Stickman Readers' Submissions June 2nd, 2017

Letting Go


The first time I set eyes on her she was performing upside down as part of a 4 lady lesbian show, a speciality of this particular gogo bar in Sin City. She was wearing nothing but a wristband with her number on it – number 911. I’ve never been to the USA, but I know that that is their emergency services number. I’ve probably absorbed this fact by osmosis from excess exposure to all the movies they export. Anyway, someone should call the cops. She was so hot she could start a riot! I was transfixed. After the performance, she came straight over to me and asked me if I would buy her a lady drink. The place was full of the usual cross-section of Sin City aficionado’s; bullet-headed porn addicts, ageing Japanese & Korean big shots throwing buckets of balls at a 1,000 baht a pop, Viagra-fuelled divorcees looking for their lost mojo – and they’re the good guys.

Maybe I was the least noxious of a handful of pretty unappealing evils. She was 18 years old and I was 33. She told me she had been living with an American guy before working at this gogo bar. She was so full of life; she seemed to be living completely in the moment. I didn’t think twice, before I knew it we were in my room. I loved her. She liked me ok. We were together for 5 hours and 10 minutes. She made my life pure joy for 5 hours and 10 minutes then it was over and I can’t let it go. She was studying at college, don’t know what, I do remember her saying she had a 2-year old boy who was being looked after by her family back in Phuket.

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That was 5 months and 10 days ago, and here I am back in the same gogo bar looking to recapture that experience. I got myself sat down in the same location next to the stage, even though it involved shoe horning in between two guys – something I wouldn’t normally do. I took a gulp of ice-cold Singha to drain the beer so that it was level with the top of the sleeve and started to survey the scene. Everything looked familiar but I couldn’t see number 911. I became aware of the guy to my left who was clearly enjoying the spectacle before his eyes. He leaned towards me and pointed out one of the dancers. He said he thought she would look smashing in a West Bromwich Albion football shirt. I nodded my acknowledgement. We got chatting. He said he was from the rust belt of England and had had the full Thailand roller coaster ride. He had met, got hooked, married and divorced a Thai lady, cost him a broken heart and thousands of pounds but he had let it all go. He said he is now a broken man repaired. I thought about this! Why let it go? Why not hold on to the past? Why not keep reliving those memories?

I scanned the room. Still no sign of 911 but I could see a bizarre pattern repeating itself – some of the girls were doing their stuff with the customers, milking them for tips then heading to a big white cardboard box which was placed on a table near the exit. It looked like a collection box because quite a few of the girls were dropping some of their tips into it. Weird, not seen that before! Probably one of the girls is getting married!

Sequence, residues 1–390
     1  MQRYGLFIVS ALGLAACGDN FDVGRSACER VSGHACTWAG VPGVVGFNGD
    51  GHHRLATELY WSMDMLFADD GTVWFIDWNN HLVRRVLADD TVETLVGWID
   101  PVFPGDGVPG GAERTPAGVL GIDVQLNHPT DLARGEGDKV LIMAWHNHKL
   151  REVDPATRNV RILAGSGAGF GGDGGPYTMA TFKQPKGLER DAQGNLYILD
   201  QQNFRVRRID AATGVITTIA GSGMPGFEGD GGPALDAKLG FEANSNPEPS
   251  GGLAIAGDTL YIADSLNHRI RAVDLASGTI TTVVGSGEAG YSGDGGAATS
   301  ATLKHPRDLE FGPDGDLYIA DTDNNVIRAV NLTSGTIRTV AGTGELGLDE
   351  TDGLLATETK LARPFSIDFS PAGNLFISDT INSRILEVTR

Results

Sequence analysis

This thought was interrupted by the guy to my right. He pointed out a dancer and told me in his American accent that it reminded him of a girl he used to know. He said her name is Vilai. He said that she didn’t speak much English and he didn’t speak much Thai, but they communicated just fine. Even enjoying moments of sharing misheard lyrics to songs from the ‘90s. He said he couldn’t forget her and couldn’t let go. I advised him not to let go. He said don’t tell me to let it go, thousands of guys have said let it go. I have told myself to let it go a thousand times. Three therapists told me to let it go. My ex-wife told me to let it go. It was loud in the bar, he misheard, I said DON’T let it go, keep a firm hold of the past and polish it every day until it shines brighter than reality. Who needs to live in the now when you’ve got the past to fall back on. What did Eckhart Tolle know! What we need is more power of the past. He nodded his approval over the noise that passes for music in these places.

I wasn’t letting go of 911 for sure! A lady came off stage and wriggled her way onto my knee and started the usual routine, what you name, where you come from, etc. I bought her a drink and proceeded to grill her about number 911. She not know, she only work bar for 3 week. Funny how it’s always 3 weeks! Pretty soon she got a little fed up and said she had go dance. I gave her 100 baht tip. I watched her go and drop it in the big white box in the corner.

I decided it was time to call it quits, I vowed I would return the following evening. I’m definitely not letting this go! I checked bin and said goodbye to my two new buddies and headed for the door. On the way out, I asked the mamasan who was guarding the white box what it was for. She said it was a collection for one of the girls who worked in the bar who was killed in a motorbike accident the previous night. A 10-wheel truck had jumped a red light at a crossroads and she was killed instantly. The money was for her 2-year-old son. I looked at the white cardboard box. It contained a name and number only. I couldn’t read the name. It was in Thai but the number was 116. Then I remembered that my lady was upside down when I first saw her. Like a shark breaking water the shocking realisation surfaced in my mind, my blood ran cold, my head started to spin. Now I can never let go…

The author can be contacted at :

nana plaza